The quiet brilliance of Neil Gaiman
Both as book and film, "Stardust" takes place in the village of Wall, which has a stone wall that leads into Faerie, and in Faerie itself. It's hero is a young man who enters Faerie looking for a fallen star. The young lady with whom he's smitten has said she'll marry him if he brings her that star. Along the way he meets many strange people and creatures, some of whom he befriends and some of whom befriend him. There is drama and comedy, conflict and pratfalls, but Gaiman usually avoids the cliches, and when he can't, he makes them his own.
Unlike the film, there is no dramatic conflict with the evil witch in her lair at story's end. Instead there is cleverness, resourcefulness and the end result of machinations begun before he was born. Even if you've seen the film, the book is different enough that you may be surprised by the plot differences, and I believe it's worth reading for the prose alone.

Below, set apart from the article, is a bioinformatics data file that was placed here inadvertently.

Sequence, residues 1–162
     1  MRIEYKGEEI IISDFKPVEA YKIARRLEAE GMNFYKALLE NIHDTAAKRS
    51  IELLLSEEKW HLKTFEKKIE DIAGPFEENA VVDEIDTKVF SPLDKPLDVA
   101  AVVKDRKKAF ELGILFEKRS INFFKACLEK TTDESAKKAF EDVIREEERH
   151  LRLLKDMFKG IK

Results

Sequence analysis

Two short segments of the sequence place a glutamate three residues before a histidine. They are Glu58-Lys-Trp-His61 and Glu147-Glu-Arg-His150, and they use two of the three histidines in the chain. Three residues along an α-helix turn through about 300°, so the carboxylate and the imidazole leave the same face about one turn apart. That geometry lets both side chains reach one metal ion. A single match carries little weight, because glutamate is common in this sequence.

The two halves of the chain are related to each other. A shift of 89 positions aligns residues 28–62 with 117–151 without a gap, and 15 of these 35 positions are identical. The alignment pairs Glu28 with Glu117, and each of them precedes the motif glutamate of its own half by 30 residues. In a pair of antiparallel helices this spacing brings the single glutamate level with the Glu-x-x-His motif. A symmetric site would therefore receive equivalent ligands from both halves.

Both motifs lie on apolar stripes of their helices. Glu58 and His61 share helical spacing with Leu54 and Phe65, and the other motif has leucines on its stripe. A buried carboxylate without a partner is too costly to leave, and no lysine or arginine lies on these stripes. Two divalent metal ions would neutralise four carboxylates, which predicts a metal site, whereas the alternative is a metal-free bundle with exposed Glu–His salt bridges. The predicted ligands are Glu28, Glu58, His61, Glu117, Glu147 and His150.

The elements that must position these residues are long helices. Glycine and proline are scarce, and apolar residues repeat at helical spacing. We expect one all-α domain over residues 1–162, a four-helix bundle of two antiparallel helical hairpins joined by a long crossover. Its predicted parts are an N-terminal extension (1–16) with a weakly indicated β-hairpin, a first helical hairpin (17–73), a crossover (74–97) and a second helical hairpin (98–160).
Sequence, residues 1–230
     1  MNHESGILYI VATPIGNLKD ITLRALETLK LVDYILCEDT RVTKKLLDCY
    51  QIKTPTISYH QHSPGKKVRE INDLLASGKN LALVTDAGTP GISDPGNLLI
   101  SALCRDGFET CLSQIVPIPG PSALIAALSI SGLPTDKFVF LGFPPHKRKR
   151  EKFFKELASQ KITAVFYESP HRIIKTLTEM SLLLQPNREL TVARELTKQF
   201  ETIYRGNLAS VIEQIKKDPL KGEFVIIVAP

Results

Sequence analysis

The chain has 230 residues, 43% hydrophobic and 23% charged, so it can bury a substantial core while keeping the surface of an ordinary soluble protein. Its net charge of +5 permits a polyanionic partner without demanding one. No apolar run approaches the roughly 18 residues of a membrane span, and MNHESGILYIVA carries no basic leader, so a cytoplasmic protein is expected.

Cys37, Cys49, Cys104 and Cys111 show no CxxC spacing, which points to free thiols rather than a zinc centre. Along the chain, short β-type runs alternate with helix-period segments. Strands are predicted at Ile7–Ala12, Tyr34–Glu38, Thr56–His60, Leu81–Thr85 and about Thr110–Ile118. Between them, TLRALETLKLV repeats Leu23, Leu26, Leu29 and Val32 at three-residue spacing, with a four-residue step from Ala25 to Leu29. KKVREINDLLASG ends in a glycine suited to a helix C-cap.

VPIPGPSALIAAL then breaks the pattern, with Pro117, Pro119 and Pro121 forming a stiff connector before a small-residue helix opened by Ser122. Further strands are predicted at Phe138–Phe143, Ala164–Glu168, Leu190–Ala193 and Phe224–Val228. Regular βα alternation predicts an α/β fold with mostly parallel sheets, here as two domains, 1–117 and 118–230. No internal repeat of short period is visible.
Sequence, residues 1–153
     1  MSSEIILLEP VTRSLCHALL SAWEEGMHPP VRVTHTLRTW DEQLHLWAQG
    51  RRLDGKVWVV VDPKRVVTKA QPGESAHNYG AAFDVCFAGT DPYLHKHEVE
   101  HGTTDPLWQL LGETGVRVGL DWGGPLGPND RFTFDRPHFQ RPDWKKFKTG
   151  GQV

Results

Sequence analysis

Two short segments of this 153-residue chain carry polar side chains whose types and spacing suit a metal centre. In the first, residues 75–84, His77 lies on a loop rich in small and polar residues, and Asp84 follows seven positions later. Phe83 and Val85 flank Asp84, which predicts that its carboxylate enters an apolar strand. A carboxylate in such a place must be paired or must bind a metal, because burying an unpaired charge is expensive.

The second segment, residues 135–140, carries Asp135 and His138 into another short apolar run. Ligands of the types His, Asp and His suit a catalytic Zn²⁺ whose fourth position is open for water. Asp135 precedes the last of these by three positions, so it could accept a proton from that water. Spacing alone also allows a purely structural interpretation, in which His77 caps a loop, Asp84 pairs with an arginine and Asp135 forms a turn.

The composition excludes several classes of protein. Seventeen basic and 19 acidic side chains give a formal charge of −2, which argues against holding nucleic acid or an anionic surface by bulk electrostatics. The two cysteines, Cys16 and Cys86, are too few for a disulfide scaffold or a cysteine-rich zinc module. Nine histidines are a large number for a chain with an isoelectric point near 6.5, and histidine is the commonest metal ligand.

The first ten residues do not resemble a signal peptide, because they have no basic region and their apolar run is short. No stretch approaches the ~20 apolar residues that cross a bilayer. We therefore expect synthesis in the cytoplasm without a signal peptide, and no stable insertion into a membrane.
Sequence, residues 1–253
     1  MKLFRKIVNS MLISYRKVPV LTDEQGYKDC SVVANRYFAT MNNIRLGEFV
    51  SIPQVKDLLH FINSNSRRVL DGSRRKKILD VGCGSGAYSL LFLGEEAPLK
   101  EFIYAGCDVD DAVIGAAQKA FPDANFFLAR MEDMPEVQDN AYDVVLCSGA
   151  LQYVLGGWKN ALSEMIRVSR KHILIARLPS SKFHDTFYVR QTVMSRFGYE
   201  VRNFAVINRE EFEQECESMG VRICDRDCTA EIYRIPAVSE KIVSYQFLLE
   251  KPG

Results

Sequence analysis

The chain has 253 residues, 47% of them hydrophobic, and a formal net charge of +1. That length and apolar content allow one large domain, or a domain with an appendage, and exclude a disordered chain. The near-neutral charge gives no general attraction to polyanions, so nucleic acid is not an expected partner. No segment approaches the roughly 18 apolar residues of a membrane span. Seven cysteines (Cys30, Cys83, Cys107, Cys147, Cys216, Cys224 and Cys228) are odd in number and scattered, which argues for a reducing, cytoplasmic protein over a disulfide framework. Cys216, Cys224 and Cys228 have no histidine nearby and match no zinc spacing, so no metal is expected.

It's also worth listening to. Gaiman has recorded several of his books and short stories. Many are available for download to iPhones, MP3s and Kindles. Another favorite of mine is "Coraline," also adapted to film, but far better in prose and as read by the author. It's a fairy tale suitable for younger readers, but adults can enjoy it too.
Gaiman is also the author of "Neverwhere," which began as a TV mini-series for BBC and has been adapted as a graphic novel, "American Gods," "Ananszi Boys," "The Graveyard Book" and several collections of short stories. His first novel, "Good Omens," was written in collaboration with Terry Pratchett. He's also authored some picture books for children and the comic book series "The Sandman," the entire run of which is available in graphic novel form and is worthy of your attention.